The stark reality of the consequences of a No Deal Brexit was laid bare by demonstrators from the North East, who took their message to the gates of Parliament on a sweltering Wednesday 24 June, as MPs gathered for Prime Minister’s questions.
The revived threat of a No Deal scenario between the UK and the EU would be a catastrophic blow to the North East, with government figures estimating a 16 per cent contraction in the region’s economy, said a committed group of campaigners that travelled from Newcastle-upon-Tyne to London on the hottest day of the year to give their region a voice at the heart of power in Westminster.
Nissan, the region’s largest employer, has said a No Deal Brexit would threaten the viability of its Sunderland car plant, costing thousands of jobs directly and many more in the supply chains, the demonstrators said, displaying their own home-made banners with “No Deal = No Nissan”, “Don’t Drive Nissan Away”, and “Auf Wiedersehen Plant” banners outside Parliament, to great interest from assembled media.
The spokesperson, Louise Brown, who grew up near to the plant, said this was a huge fight for them all: “As many will have read in the media, the boss of Nissan has said the plant in Sunderland may not be sustainable in the event of a No deal Brexit,” she said, continuing: “None of us want any member of our family, friends or the wider community to lose their jobs . Whichever way you voted in the EU referendum, it was probably not for this scenario. In the middle of a pandemic and economic and jobs crisis, it is utter madness not to extend the transition to prevent such a no-deal scenario.”
“The people of the North East remember the Depression, and the days of mass unemployment when the pits were closed. We are fighting for ourselves, our families, our friends and the wider community – our voice must be heard.”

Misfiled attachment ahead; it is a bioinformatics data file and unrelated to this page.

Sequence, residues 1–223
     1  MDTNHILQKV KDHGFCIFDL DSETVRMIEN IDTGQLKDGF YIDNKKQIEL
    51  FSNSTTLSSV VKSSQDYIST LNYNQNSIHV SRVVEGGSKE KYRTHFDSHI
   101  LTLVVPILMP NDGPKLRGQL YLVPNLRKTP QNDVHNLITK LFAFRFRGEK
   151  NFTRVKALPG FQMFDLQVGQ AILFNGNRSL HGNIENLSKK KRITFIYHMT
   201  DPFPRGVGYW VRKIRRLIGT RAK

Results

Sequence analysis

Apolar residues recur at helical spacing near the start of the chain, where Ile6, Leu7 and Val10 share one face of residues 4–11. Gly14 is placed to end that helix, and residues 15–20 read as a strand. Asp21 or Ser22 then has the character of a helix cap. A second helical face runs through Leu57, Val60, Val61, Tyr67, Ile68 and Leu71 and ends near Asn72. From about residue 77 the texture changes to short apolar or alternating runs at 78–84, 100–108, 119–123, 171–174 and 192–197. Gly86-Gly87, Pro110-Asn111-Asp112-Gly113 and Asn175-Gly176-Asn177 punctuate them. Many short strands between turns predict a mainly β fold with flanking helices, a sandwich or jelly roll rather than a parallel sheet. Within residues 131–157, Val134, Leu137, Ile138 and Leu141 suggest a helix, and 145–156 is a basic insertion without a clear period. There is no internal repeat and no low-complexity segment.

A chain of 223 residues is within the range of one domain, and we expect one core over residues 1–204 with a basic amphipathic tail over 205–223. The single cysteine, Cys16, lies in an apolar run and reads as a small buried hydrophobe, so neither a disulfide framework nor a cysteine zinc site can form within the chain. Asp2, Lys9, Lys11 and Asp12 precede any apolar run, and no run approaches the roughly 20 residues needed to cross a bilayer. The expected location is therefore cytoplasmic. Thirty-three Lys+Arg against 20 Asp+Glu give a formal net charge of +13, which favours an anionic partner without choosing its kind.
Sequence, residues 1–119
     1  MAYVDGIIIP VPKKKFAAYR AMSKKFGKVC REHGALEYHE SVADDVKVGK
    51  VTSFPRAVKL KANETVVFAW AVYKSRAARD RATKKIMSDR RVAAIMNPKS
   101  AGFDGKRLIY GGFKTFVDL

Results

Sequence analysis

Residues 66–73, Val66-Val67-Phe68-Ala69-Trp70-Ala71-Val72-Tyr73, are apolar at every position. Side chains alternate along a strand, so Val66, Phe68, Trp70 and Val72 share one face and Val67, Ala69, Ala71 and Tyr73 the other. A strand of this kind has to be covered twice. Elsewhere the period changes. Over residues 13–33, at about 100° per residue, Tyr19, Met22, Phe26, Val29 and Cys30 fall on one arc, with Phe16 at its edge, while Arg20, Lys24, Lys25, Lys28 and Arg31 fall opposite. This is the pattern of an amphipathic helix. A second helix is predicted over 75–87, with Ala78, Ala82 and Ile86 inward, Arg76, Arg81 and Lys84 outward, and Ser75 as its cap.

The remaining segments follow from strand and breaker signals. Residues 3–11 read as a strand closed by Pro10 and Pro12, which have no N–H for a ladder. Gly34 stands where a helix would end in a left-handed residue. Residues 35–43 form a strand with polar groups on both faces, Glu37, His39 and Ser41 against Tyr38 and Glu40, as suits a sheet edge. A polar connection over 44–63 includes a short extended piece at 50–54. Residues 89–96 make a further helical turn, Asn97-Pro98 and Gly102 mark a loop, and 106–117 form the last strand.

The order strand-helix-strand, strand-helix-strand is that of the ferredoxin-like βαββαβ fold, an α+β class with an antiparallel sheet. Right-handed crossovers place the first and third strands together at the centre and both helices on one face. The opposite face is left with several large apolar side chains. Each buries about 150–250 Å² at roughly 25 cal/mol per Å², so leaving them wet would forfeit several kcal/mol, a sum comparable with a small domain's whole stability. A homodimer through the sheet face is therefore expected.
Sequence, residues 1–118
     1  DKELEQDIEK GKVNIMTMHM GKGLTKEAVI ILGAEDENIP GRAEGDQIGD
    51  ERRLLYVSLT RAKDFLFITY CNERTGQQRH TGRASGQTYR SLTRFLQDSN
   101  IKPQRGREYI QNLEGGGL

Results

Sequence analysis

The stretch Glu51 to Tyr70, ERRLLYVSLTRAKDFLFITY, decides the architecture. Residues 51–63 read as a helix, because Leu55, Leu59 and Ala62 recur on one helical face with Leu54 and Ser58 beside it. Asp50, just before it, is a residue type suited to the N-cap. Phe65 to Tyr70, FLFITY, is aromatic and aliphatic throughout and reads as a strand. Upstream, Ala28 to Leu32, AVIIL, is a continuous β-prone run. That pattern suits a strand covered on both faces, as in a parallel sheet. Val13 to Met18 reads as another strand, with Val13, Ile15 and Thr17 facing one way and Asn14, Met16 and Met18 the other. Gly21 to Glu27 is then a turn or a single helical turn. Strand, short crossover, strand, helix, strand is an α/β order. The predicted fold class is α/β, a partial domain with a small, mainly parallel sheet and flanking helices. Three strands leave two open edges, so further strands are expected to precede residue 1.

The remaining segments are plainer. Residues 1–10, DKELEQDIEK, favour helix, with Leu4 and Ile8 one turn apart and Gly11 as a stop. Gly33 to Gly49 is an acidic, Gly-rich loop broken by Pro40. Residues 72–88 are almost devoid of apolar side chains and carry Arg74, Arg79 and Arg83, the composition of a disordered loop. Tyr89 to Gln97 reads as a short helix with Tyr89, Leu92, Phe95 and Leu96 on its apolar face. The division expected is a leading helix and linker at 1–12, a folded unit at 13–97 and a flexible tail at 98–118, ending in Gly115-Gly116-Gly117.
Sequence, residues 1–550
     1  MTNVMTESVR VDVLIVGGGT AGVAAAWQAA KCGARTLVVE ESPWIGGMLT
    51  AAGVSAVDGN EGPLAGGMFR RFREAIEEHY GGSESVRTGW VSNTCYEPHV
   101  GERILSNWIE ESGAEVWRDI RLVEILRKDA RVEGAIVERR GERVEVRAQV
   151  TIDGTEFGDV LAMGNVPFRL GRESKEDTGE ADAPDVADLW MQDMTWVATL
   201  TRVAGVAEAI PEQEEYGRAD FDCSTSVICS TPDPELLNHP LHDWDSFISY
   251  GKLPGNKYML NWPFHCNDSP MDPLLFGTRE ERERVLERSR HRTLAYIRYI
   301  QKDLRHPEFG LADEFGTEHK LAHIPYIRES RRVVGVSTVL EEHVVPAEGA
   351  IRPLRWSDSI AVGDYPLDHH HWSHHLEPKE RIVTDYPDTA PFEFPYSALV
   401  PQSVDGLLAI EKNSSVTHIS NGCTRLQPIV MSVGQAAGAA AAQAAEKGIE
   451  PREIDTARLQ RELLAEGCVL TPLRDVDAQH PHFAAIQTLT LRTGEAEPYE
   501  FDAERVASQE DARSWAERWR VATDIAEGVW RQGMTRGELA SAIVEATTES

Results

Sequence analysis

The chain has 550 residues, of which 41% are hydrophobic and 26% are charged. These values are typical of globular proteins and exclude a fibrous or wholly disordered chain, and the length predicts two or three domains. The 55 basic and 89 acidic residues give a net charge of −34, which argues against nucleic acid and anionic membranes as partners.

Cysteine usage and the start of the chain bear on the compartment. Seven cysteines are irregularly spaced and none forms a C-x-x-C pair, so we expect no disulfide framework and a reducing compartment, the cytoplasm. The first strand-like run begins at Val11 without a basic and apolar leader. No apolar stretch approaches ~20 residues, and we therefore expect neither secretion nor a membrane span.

Fellow protestor, Peter Benson, spoke about the wider impact of a No Deal Brexit on the national economy, with industries ranging from car making and transportation to farming and chemical engineering all being heavily impacted. Many commentators are forecasting chaos at the ports as trade will no longer be frictionless and the importation of essential medicines could be disrupted.
Michael Gove, Minister for the Cabinet Office, recently admitted that food prices are likely to rise in the event of a No Deal Brexit.
“A 16 per cent collapse in the North East’s economy is like ten Nissan plants closing. With that prospect looming at the end of the year when the national and local economy will be in a very weak state, it’s total madness to plunge the UK into a very deep and extended recession,” Mr Benson said.
He added that the health and wellbeing of a nation is the government’s priority and this government must redress its palpable failings in handling the pandemic and preventing any second wave, instead of leveraging the pandemic into some kind of twisted negotiation point. “The Brexit talks must be paused till the pandemic passes and the full health and economic consequences are known.”
The North East group have been active across the country in recent days, demonstrating at the iconic Angel of the North, in both Newcastle and Hexham, and outside the Nissan plant itself, with more local protests planned.
Interested campaigners are encouraged to follow the social media hashtag #No2NoDeal and join in street demonstrations, while observing full social distance regulations.